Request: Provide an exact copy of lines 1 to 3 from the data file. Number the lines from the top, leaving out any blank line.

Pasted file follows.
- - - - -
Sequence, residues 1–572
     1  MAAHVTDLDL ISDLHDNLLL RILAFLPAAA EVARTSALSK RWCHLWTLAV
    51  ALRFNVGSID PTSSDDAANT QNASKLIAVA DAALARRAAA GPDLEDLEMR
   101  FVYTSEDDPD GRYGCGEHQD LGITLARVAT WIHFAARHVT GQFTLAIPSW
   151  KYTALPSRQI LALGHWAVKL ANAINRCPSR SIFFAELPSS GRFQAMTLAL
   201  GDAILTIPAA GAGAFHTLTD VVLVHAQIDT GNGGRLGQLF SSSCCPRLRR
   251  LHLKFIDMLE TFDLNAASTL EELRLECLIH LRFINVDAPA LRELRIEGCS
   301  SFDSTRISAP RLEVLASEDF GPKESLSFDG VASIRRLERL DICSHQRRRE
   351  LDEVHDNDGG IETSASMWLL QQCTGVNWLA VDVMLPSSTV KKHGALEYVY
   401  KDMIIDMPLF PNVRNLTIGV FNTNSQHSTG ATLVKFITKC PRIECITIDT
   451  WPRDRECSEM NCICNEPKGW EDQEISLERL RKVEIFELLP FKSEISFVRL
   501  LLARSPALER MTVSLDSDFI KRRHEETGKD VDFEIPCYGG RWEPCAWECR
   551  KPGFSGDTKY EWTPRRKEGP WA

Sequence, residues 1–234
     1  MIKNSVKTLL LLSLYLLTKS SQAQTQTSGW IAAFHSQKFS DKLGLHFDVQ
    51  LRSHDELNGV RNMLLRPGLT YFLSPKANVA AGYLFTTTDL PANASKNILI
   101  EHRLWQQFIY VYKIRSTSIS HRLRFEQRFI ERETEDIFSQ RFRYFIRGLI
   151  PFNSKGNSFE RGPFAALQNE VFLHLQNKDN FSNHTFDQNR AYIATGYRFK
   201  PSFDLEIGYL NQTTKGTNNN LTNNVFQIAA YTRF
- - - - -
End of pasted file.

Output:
Sequence, residues 1–572
     1  MAAHVTDLDL ISDLHDNLLL RILAFLPAAA EVARTSALSK RWCHLWTLAV
    51  ALRFNVGSID PTSSDDAANT QNASKLIAVA DAALARRAAA GPDLEDLEMR